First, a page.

Self-insured employers increasingly are testing new plan designs and tougher negotiation tactics with providers in hopes of discovering new and better ways to tamp down health care costs.
For instance, companies are beginning to adopt the “value-based” model in hopes of keeping small health issues from swelling into major catastrophes.
In a recent online post by SmartHR Manager
, Gary Rost, executive director of the Savannah Business Group, noted that self-insured companies that want to shift to a value-based plan — in which treatments and procedures are analyzed with effectiveness and cost in mind — must tackle three major tasks:
1. Find and purchase from the high-performing medical provider in their area
2. Design a benefit that will steer their employees to that provider
3. Emphasize preventive care so chronic conditions do not become costly
The first step for employers, Rost said, is to examine their current plan and determine areas of failure. Once data are gathered on who is using what services (and how they’re using them), employers can work on building the best network and designing incentives that will guide workers to providers who understand the value-based philosophy and will deliver the best care at the best price.
Beyond the plan design, self-insured employers can take a number of other steps to make their health plan better, according to Karrie Andes, a senior benefits manager for PGi. In a recent article forEmployee Benefit News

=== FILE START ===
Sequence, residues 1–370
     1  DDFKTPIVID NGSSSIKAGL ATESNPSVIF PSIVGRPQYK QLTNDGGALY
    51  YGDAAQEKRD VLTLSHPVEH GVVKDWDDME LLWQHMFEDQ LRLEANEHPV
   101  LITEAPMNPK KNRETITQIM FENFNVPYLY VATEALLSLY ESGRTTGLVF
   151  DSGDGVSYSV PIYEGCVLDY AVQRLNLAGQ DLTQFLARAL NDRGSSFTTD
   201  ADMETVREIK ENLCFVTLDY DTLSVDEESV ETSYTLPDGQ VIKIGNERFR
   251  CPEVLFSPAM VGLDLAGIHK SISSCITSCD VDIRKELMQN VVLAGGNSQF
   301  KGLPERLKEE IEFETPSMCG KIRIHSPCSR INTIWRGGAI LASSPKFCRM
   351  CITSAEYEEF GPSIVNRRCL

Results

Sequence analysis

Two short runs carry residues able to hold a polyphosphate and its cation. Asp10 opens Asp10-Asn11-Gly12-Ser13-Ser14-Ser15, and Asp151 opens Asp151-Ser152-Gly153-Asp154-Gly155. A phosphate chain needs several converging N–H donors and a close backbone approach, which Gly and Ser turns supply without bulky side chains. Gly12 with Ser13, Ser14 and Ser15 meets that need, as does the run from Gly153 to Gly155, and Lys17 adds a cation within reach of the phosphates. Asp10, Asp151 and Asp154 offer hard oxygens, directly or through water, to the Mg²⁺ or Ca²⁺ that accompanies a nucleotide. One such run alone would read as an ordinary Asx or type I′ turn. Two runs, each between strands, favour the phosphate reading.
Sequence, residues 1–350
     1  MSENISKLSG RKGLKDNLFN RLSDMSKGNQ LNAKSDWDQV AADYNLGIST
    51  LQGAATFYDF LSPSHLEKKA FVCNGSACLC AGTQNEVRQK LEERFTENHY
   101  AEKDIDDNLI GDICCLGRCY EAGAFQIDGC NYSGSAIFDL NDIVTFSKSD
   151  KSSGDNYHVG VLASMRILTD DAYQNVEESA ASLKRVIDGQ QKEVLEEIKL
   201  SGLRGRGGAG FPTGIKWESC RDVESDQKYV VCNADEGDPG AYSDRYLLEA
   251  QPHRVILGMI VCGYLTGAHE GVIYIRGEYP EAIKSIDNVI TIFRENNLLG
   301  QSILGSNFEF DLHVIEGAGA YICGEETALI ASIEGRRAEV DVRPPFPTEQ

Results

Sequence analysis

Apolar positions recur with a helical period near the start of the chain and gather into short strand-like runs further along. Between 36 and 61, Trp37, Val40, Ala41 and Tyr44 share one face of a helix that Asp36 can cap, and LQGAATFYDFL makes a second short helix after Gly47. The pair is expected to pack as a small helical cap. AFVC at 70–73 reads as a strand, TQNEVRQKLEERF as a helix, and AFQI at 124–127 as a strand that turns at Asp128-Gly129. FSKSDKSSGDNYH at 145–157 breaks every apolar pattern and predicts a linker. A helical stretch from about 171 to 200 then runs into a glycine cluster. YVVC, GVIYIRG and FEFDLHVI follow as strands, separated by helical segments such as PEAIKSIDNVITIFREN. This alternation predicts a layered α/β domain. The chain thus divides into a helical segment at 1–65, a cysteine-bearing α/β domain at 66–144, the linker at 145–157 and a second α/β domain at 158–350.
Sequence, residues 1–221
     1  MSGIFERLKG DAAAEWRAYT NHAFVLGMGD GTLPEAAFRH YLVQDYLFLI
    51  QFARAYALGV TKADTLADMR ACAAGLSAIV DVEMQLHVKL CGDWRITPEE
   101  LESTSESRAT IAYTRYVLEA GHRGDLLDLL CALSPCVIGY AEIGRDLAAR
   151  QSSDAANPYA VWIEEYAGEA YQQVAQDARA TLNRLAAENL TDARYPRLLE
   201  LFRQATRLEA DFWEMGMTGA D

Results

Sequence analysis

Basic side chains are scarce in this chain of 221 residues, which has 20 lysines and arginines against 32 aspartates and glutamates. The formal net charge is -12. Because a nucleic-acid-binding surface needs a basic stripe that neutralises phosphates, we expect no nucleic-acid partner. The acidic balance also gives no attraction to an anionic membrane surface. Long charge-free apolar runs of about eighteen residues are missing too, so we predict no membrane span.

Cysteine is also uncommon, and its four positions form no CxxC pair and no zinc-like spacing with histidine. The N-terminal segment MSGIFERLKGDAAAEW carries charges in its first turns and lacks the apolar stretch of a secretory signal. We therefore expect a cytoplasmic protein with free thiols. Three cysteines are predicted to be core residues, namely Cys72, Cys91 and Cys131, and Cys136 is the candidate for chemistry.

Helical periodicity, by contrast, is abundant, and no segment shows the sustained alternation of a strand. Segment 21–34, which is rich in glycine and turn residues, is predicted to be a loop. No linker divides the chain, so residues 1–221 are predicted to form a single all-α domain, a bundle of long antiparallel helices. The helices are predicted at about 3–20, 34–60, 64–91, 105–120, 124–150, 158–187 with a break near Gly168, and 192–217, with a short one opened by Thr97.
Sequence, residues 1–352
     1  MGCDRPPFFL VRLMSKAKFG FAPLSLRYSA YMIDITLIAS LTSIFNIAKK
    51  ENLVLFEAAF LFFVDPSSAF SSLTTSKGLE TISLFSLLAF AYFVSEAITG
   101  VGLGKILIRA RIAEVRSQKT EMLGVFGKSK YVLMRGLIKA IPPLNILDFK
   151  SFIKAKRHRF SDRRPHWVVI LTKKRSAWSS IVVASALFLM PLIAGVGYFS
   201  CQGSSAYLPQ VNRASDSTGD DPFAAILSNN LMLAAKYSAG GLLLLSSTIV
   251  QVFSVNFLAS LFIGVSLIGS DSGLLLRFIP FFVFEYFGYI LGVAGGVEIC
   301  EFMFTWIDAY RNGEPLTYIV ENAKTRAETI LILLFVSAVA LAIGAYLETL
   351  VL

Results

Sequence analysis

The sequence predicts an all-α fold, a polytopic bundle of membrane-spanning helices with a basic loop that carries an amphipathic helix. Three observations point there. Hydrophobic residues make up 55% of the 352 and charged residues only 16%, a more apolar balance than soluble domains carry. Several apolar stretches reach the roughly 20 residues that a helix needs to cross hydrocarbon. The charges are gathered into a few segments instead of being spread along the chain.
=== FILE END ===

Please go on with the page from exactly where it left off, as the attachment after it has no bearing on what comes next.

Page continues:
, Andes offers a number of tips to help self-funded companies secure the best plan, including:
- Try to negotiate rates upfront for two or three years
- Be aware of any limits on claim audits
- Explore savings by carving out disease management, pharmacy benefits and other features
- Look for a transparent pharmacy model, which allows the pharmacy benefit manager to pass full rebates to your company
Although managing a self-funded plan can be a challenge, the concept has its benefits, according to a recent report by Kaiser Health News
. Self-funding can offer significant savings for companies by reducing administrative costs and allowing them to offer a single plan across state lines, the report noted.
While the self-funded model is not for every company, the number of larger employers that have opted to self-insure has grown significantly over the past decade. According to data from the Employee Benefit Research Institute in the KHN report, 68.5 percent of employers with 50 or more workers were self-insured in 2011, compared with 57.8 percent in 2001. However, the number of smaller employers (fewer than 50 workers) who opt for self-funding actually dipped during that time period (10.8 percent in 2011, compared with 12 percent in 2001).